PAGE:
Another thing I did this summer was volunteer a little with the EPI program through the Asian Affairs Center. The program is designed for South Korean students to come to Mizzou, study English, and work in internships around the community. Throughout my time in Spain, we had amazing guias who were there to show us around, answer questions, and just hang out with us from the beginning. They were our built-in peer group outside of the other Americans. Although I was too shy at times to really engage them and break down the language barrier, it made a difference just knowing they were there. I wanted to provide the same thing for the foreign students who study at my university. I felt like I could bring something to their experience, to struggle through a conversation, to look at your surroundings with questioning and unbelievably excited eyes, to be so far from home and wish that everyone you cared about could be with you, to not know how to even begin to explain what you experienced, to be a foreigner and be thankful that someone is there to guide you through their homeland. It can be awkward, unwanted silences and misunderstandings but I needed to step out of my comfort zone to bring them into theirs. Although I only got to hang out with the EPI kids a few times, it made me so happy. Its something I feel like I need and want to do in the future, I guess you could say I discovered a new passion.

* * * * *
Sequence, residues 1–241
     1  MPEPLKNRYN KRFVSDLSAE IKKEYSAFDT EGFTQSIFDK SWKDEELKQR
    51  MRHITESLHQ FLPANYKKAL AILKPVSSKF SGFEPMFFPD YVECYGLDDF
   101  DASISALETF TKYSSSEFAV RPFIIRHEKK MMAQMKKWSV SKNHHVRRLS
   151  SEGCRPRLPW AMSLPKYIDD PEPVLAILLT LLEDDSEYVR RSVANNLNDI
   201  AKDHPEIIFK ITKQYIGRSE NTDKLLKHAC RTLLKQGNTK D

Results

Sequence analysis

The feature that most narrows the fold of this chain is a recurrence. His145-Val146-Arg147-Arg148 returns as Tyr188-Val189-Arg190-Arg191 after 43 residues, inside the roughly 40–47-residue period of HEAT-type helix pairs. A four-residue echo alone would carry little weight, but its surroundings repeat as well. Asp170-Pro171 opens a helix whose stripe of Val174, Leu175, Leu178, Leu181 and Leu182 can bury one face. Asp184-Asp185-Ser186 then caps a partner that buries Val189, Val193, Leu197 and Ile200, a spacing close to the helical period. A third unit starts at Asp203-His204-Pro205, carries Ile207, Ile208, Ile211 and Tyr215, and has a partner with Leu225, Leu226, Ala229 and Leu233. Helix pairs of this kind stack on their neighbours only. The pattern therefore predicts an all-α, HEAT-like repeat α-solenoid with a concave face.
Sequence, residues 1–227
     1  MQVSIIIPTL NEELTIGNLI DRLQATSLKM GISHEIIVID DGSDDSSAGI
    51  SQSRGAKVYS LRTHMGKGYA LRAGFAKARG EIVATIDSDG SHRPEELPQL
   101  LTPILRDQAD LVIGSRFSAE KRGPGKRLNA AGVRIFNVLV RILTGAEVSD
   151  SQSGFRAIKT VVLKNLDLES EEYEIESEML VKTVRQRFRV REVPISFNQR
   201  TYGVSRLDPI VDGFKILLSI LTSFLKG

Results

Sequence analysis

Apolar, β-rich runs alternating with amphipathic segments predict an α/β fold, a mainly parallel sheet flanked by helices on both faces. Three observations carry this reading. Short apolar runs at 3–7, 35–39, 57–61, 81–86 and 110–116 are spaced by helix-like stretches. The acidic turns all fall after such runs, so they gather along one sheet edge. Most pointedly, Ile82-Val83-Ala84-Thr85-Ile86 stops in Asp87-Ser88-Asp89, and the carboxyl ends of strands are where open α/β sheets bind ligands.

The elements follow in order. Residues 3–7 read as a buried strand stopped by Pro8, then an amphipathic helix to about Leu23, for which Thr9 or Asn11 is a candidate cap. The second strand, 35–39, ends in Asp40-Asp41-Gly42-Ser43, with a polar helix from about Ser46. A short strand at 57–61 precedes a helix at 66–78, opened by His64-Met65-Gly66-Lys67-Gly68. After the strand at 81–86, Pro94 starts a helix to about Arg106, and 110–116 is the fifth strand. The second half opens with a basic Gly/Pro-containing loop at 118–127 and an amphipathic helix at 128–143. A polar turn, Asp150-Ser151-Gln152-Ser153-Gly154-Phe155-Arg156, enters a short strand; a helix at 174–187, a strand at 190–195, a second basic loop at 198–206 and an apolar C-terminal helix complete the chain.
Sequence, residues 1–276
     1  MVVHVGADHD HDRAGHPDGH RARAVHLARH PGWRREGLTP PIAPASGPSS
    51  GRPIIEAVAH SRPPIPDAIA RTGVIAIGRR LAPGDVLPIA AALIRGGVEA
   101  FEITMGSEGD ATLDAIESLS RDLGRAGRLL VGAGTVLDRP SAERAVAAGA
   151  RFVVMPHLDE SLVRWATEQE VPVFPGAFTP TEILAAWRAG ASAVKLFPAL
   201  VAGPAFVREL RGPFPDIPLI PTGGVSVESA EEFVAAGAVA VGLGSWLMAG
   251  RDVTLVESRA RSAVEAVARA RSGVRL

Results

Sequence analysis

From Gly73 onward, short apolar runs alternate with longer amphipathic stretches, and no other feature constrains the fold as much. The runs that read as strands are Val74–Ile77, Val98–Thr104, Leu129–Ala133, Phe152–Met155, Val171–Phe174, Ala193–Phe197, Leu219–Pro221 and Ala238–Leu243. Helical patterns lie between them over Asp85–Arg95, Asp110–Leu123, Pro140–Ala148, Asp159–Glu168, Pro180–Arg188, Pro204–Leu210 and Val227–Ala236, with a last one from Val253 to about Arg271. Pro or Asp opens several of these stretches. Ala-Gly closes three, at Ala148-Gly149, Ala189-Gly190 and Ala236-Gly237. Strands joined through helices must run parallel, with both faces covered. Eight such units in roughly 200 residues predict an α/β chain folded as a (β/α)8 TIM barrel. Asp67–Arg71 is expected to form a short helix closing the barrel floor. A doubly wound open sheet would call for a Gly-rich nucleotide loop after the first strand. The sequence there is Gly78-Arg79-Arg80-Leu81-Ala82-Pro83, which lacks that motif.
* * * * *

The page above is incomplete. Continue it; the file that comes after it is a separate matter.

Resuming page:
EPI @ the Arch, St. Louis
So onto more cultural awareness stuff, I’m full of it these days. I spent 4th of July with my roommate outside St. Louis. I celebrated it with a whole new perspective this year. Last semester, I started to look at my culture through an outsider’s perspective. In the U.S., I find myself constantly asking in my head, what would a foreigner think of this? 4th of July, the most American holiday of the year…what would a foreigner think of this? Almost every country probably shoots off rockets of light at some point throughout the year but what makes it American? I went with my roommate and her family to see the light show. We loaded up vehicles of lawn chairs, blankets, and games to pass the time while we waited for dark. We had to get there 3 hours early after all for a good seat. We set up camp on the grass along with hundreds of other red, white, and blue clad Americans. We ate fried chicken, corn on the cob, and potato salad and cooled down with iced tea and lemonade. I couldn’t help but think; this is so American.
Fireworks on the 4th
This last weekend I got to visit Erin in Chicago. After 4 months of weekend travel and seeing each other everyday, I was so excited to see her again. We hung out in the city and around her house catching up and made Spanish Tortilla. We kept saying how easy everything seemed since we could at least speak the language if we needed directions or got lost on the train. It was great doing touristy stuff with her again.
Erin & I @ the Bean, Chicago
So I guess I’ve learned how to be an American again, I’ve had my fill of cheeseburgers and chain stores.
Excited for What’s Ahead-
I’m hopping across the other pond to South Korea for a month, details and anecdotes to come.